But healthy levels of self-love can present golden opportunities for marketers. Take, for instance, Coca-Cola's recent venture into 3D printing to promote its new mini-sized bottles in Israel. The beverage giant and lifestyle brand, working with the GefenTeam agency, allowed customers to create virtual replicas of themselves using a mobile app.
Those that took good care of their virtual selves by feeding and buying it clothing (remember Tamagotchi?) were invited to Coke's headquarters in Israel. There, using a 3D scanner and a high-resolution 3D printer, the company created "mini me" figurines made of colored sandstone. Check out the video below for a closer look:
Not only are the mini figurines relevant to the product being launched, but they are also directly in line with Coke's overarching marketing strategy to create personal relationships with its customers. According to an article in the company's digital magazine, "Coca-Cola is moving from promoting happiness to provoking it." And nothing makes us happier than ourselves...right?
It all started with Sticky, the Google-owned company's sprinter van covered in Velcro and chock-full of high-end 3D printing equipment and hackable smartphones. As part of its "MAKEwithMOTO" tour, the company hit the road, stopping 16 times across the country to host mini "make-a-thons." During these events, Motorola met with art, design, and engineering students, as well as other makers and hackers, and provided the tools needed to innovate. Participants created things like retractable in-device headphones and a "Wink Ball" -- computer vision technology that responds to emotions and facial expressions. Here's a look at the company's first "make-a-thon":
In addition, those at the events were able to create exclusive Moto X accessories using a 3D printer. According to the Motorola team, "We have designed a set of delightful co-creation experiences for Moto X owners to make personal, one-of-a-kind gifts to complement their custom Moto X and explore the capabilities afforded by state-of-the-art 3D printing." The company helped users build accessories like NFC-enabled dog tags, tessellation bracelets, and phone covers. The dog tags, for instance, according to AndroidSPIN, are small pendants printed in 3D with the topography of wherever users consider home. By using NFC technology, the tag can launch navigation to a user's address simply by touching it to their device.
All of this personalization points to two major developments for the company: the launch of its Moto X smartphone, a mobile device consumers custom-design, and the creation of Project Ara. The latter is described as a "free, open hardware platform for creating highly modular smartphones." Here's a sneak peek at designs for Project Ara's new modular cellphones:
According to Paul Eremenko of Motorola's advanced technology and projects team, "Our goal is to drive a more thoughtful, expressive, and open relationship between users, developers, and their phones. To give you the power to decide what your phone does, how it looks, where and what it's made of, how much it costs, and how long you'll keep it." For Motorola, working with innovators and the latest 3D printing technology led to an understanding of the importance of both open relationships with consumers and personalized products. It is this mentality that is allowing Motorola to break new ground in the competitive smartphone field.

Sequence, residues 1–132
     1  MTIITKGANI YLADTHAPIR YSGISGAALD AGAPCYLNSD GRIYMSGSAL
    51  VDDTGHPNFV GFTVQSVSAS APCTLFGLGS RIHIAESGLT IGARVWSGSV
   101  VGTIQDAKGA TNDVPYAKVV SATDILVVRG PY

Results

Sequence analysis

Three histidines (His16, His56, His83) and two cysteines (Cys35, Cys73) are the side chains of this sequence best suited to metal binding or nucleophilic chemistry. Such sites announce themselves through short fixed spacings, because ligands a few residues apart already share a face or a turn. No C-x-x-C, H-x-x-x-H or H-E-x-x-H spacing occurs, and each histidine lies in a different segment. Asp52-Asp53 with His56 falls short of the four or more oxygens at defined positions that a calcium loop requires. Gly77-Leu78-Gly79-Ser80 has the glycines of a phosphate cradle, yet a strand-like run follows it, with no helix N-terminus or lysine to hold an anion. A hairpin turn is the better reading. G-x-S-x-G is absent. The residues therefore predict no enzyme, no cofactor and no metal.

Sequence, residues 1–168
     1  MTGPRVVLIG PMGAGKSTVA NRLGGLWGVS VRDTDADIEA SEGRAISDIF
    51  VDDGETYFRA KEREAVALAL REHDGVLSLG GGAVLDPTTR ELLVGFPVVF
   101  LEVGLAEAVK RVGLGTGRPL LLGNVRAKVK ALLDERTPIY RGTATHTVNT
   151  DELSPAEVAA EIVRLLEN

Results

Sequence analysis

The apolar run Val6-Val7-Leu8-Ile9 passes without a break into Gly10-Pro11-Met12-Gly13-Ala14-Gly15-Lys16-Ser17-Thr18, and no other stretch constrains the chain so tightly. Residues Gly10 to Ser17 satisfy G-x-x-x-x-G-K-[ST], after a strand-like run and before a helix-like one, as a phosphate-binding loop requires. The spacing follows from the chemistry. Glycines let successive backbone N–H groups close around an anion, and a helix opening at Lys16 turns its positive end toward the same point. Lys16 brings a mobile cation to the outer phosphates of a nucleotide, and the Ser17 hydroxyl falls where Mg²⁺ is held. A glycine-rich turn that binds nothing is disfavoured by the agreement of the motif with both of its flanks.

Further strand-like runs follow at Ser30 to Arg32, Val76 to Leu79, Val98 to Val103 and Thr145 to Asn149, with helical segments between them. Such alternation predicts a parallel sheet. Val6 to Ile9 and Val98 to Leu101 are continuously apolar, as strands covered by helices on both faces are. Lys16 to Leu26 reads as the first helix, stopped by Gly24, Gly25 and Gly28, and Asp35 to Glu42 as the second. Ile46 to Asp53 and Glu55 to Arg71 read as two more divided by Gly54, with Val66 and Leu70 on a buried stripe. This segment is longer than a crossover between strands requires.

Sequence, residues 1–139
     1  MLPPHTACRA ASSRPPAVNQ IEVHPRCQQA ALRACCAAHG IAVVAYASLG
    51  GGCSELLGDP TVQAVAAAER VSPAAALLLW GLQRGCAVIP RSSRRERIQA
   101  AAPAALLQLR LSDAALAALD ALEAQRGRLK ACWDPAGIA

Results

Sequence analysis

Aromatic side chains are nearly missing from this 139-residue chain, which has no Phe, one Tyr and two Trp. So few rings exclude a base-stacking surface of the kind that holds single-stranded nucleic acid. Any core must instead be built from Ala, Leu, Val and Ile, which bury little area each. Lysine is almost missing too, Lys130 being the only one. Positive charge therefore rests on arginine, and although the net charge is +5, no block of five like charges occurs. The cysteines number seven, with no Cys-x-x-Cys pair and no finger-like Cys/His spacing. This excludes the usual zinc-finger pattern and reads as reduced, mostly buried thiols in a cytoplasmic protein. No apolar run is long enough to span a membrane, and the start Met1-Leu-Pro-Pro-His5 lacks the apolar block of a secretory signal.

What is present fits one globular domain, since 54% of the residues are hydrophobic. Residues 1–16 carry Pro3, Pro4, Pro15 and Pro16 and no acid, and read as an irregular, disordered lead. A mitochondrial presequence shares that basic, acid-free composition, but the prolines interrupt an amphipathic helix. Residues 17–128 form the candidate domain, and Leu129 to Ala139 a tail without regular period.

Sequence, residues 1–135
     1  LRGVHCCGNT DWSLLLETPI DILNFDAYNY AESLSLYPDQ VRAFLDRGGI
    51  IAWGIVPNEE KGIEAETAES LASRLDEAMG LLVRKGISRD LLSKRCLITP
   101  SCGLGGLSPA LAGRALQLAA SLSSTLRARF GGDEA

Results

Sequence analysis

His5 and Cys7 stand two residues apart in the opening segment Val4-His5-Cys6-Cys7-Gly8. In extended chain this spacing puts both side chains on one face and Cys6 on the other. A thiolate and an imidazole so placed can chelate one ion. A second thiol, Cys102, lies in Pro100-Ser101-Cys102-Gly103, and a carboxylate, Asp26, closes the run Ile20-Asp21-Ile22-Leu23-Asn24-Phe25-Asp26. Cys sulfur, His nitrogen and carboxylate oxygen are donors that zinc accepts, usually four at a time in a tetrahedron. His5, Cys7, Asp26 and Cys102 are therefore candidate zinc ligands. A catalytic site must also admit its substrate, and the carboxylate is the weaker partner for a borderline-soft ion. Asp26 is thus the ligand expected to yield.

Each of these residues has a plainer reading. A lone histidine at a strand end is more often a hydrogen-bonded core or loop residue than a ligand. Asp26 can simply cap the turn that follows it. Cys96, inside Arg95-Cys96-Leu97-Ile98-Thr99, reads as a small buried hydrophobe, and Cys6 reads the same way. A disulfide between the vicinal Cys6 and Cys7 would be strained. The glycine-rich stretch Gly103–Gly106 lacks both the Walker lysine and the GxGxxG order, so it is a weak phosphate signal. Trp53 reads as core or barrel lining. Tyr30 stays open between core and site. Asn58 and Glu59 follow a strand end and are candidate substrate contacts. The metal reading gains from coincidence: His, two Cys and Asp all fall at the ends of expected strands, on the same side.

Chris Anderson, the former editor-in-chief of Wired, once said that 3D printing "will be bigger than the web," but others warn about buying in to all the hype, pointing to legal hurdles, impracticality, difficulty of use, and high prices. The point of this article is not to convince you to jump on the 3D printing bandwagon but to highlight the importance of thinking about the role of 3D printing in your marketing mix. I think Andrew McAfee, a principal research scientist at Massachusetts Institute of Technology, when asked if 3D printing would live up to its hype by The Wall Street Journal, said it best:
"I think [3D printing] will lead to a great deal of innovation because it puts powerful fabrication technologies in the hands of many people. You no longer need to have a milling machine or mold-making technology in order to make a part, and you don't need to meet any minimum order sizes. It's almost as cost-effective to print out one part as 100. Because of these changes in access and economics we're going to see a lot more prototyping, tinkering, experimentation, and other aspects of what MIT's Eric von Hippel calls 'lead-user innovation.'"
If 3D printing continues its rapid growth, marketers must learn to let go by handing over the reins to these "lead-users," and 3D printing is the perfect vehicle for this. Who knows more about what consumers want than consumers? And by giving creative consumers more control over brand creations, companies will find more relevant solutions to consumer needs while opening the floodgates for consumer innovation. If brands are able to provide the tools for their customers to innovate (like many of the brands listed above), they will be seen as partners in the innovation process and thus develop more personal relationships with their customers. Through the construction of one-of-a-kind products, 3D printing provides a unique opportunity to strengthen the link between consumer and brand.
At the moment, buyers of 3D printers are mainly makers and hobbyists, as opposed to your average consumer. According to Gartner, these makers and hobbyists will contribute to the creation of 3D printing "killer apps," which will drive sales in the future. As Pete Basiliere, research director at Gartner, said, "We expect that a compelling consumer application -- something that can only be created at home on a 3D printer -- will hit the scene by 2016." As a marketer, it's important to think about how your brand can become an integral part of the 3D printing process before it's left in the dust.
But please, always remember to 3D print with caution (Warning: NSFW language).
Kyle Montero is associate editor of iMedia Connection.
On Twitter? Follow iMedia Connection at @iMediaTweet.
"3D printer" image via Digital Trends.